For today’s blog, we decided we wanted to profile some inspirational women CEOs. As I set out to find some CEO’s behind our favorite companies, I was astonished to see how few women I saw. I googled tons of companies in multiple industries and the pattern was strongly male.
According to Forbes, the number of women in charge of the largest companies has always been small but out of the Fortune 500 companies today there are only 24 women CEO’s. Outside of the Fortune 500, Careeraddict.com estimates that only 7.8% of CEO’s are women in the US. It is clear that these small numbers are larger than any one woman’s individual choices, workplace biases are a great factor in all of this. But instead of focus on the issues behind these numbers, we want to highlight 5 women that absolutely impress and inspire us
1) Lynsi Snyder
Ever heard of In-N-Out? If you’re from or have ever been to the West Coast, chances are you’ve heard of this mega burger chain. In-N-Out has remained a family run business since its start in 1948 and Snyder is the heir to the iconic chain. She officially took over as president in 2010 and has expanded to over 80 locations ever since. Snyder sees herself as a guardian to the chain because she wants to preserve the desires of her grandparents who founded the chain. Snyder has a 99% approval rating on Glassdoor.com and is ranked number 4 on Glassdoor’s list of top bosses at large companies. Taking over the company at age 27, Snyder has done a fabulous job of maintaining In-N-Out’s loyal customer base while also expanding into new territories such as Texas and Oregon. Check out the rest of Snyder’s story here: Forbes.com.
2) Daniella Vitale
Starting in February of 2017, Vitale became CEO of fashion giant Barney’s. She started as a chief merchant in 2010 and moved on to COO in 2013. During her time as COO, the brand’s e-commerce division grew tenfold due to her overseeing the retailer’s digital portfolio and merchandising structure. Barney’s certainly sees Vitale as an asset as they’ve dubbed her role as CEO as the best leadership in the industry. When Vitale stepped into her role, she was very decisive about what moves were to be made and where focus was to be placed such as emphasizing the use and importance of data within the company to better serve and understand the customer. Vitale’s certainly an inspiration for business men AND women, take away the gender roles and what we have here is a highly qualified, highly experienced, intelligent, driven individual that is an obvious heir to the CEO throne. If you’re interested in Vitale’s strategy plan when she first started her role as CEO, check out this article at Businessoffashion.com.
3) Pam Shamshiri
Pam Shamshiri of Studio Shamshiri, named one of Architectural Digest’s Best of The Best (The Top 100 Architects and Designers of The Year), got her start as a set designer in New York where she got her MFA in production design for film. Set production taught her how to communicate a narrative or mood via design, she applies this same approach to her design. Shamshiri places an emphasis on having a great team, collaboration is an important part of the design process. We love that Shamshiri emphasizes the importance of boundaries and taking care of oneself as well as the business she is passionate about. To peek inside her creative and innovative mind, check out this Architectural Digest article. To learn more about her style, her approach to work-life balance, taking care of herself, and what she values, check out Apieceapart.com.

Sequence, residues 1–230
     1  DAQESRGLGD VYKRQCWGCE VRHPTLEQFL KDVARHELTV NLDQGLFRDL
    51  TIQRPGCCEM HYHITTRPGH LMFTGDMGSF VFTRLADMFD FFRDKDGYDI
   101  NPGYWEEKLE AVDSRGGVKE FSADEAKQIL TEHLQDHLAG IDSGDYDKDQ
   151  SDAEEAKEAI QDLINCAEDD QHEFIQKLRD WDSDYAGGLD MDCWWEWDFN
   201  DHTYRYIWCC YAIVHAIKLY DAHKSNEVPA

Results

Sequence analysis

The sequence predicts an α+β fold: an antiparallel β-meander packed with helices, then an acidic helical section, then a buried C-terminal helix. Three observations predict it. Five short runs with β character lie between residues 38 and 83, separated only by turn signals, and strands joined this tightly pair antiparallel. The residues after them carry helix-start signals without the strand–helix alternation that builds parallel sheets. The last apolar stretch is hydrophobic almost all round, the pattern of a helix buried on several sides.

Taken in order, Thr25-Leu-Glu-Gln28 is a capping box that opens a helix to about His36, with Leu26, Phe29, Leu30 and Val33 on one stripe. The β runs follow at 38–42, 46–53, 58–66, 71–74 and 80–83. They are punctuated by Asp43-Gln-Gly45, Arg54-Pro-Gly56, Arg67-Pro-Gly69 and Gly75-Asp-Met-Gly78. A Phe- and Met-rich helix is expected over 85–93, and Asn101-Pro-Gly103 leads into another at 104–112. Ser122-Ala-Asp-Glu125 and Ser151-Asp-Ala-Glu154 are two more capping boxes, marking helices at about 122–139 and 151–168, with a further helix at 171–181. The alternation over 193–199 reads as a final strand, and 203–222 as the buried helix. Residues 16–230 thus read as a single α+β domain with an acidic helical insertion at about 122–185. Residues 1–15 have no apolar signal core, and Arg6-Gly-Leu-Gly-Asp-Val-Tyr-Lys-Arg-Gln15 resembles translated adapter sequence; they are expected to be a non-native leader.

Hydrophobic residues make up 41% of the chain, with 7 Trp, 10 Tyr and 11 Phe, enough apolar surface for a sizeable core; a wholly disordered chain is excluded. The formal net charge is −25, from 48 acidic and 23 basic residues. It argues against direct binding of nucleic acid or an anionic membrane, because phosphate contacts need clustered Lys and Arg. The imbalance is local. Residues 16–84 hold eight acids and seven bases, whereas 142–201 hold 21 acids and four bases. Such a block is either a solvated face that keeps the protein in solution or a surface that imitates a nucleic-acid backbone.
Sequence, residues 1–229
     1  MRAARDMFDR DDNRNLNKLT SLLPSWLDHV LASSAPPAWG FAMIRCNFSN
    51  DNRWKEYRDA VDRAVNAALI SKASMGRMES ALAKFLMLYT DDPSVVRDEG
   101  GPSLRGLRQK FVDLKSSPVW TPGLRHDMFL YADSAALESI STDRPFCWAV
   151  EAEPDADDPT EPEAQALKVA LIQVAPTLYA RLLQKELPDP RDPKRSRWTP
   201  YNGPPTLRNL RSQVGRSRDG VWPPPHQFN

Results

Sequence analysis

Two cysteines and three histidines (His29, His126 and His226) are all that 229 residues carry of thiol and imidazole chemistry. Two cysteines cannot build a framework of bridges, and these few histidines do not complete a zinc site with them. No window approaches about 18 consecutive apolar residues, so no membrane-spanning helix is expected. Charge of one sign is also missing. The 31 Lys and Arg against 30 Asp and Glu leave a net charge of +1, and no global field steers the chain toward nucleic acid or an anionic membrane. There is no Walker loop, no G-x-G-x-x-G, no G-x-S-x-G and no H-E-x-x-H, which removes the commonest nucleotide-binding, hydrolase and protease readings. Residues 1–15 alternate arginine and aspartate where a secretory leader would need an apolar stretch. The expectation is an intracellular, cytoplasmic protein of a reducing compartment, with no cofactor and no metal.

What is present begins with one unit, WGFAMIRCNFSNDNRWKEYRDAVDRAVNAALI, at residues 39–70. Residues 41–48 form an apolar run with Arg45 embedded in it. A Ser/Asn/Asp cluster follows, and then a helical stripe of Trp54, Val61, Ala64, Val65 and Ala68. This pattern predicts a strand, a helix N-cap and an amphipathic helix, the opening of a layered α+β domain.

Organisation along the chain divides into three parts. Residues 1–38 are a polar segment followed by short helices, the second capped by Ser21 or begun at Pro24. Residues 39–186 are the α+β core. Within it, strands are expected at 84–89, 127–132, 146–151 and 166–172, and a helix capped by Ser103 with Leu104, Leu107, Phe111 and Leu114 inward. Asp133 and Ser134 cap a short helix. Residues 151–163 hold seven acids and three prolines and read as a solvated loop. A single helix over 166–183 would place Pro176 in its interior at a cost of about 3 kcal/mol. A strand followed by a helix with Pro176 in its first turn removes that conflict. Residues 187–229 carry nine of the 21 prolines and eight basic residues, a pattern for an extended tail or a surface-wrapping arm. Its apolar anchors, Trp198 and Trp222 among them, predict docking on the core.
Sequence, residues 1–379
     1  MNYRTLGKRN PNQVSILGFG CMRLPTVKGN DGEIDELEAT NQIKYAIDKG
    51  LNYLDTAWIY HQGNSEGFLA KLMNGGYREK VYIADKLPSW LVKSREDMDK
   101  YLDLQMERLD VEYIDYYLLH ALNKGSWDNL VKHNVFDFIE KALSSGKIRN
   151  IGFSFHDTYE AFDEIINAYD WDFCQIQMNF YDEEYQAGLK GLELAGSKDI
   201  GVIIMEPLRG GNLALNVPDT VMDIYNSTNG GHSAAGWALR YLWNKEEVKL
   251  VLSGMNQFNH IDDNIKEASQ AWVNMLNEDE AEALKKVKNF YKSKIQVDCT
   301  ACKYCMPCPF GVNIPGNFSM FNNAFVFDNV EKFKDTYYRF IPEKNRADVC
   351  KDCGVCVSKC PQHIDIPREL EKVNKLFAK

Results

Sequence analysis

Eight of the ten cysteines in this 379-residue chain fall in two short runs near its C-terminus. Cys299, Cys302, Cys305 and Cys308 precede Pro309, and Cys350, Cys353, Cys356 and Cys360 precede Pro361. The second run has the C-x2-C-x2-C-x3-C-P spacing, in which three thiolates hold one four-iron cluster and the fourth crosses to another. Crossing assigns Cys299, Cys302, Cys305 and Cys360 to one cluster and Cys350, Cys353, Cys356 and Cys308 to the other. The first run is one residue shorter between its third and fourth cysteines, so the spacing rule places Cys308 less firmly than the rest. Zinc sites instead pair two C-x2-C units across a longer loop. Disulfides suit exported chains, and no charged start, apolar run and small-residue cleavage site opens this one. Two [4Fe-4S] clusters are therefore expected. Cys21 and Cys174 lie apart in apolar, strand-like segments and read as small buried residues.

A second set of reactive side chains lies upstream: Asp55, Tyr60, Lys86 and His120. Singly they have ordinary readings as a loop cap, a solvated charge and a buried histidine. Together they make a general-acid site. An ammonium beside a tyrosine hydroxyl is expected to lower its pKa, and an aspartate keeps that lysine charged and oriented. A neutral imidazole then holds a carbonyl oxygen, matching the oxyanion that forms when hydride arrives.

4) Galit Laibow
CEO and co-founder of Foodstirs modern baking, another co-founder of the brand is Sarah Michelle Gellar, Laibow is an experienced entrepreneur that focuses on building trusted consumer brands which is not a simple task. Laibow admits she’s always been driven and entrepreneurial but becoming a mother changed the nature of her leadership and the way she sees and thinks about business. It was a successful shift because it led to the creation of Foodstirs – Laibow, Gellar, and third founder Greg Fleishman found baking as a way to connect and bond with their kids. Often in the business world, becoming a mother is seen as an obstacle that negatively impacts the course of a woman’s career yet the same thing is not said of men. We appreciate that Laibow credits her success to becoming a mother because motherhood makes women stronger, it certainly does not take away any potential, it adds to it. We love the idea that it led to Laibow becoming a better businesswoman. To learn more about Laibow, check out this interview from Huffington Pos
5) Ellie Dinh
Girlfriend Collective made an explosive social media impact in 2016 when they started giving away free leggings to followers. Today these leggings are upwards of $60, clearly Girlfriend Collective has had tremendous growth. Dinh is the cofounder and creative director behind Girlfriend Collective. The business started with the desire to create a conscious clothing brand, their leggings are made of recycled plastic bottles. Something else we love about this brand is they don’t retouch or alter their model’s bodies. Dinh holds firm on her company’s core beliefs and hasn’t deviated from that through her company’s young life. We love that she’s not about profits, she’s about positive change – something that aligns with our views at Peachy Keen Swim. For more about her views on motherhood in the workplace, the future of Girlfriend Collective, and her goals check out this awesome article: Insideoutwomen.com.
These five women are among others that are making inspirational moves. We love their stories for different reasons but overall, they’re contributing to women in the workplace and that’s something we can absolutely get behind.
Who are some of your favorite businesswomen?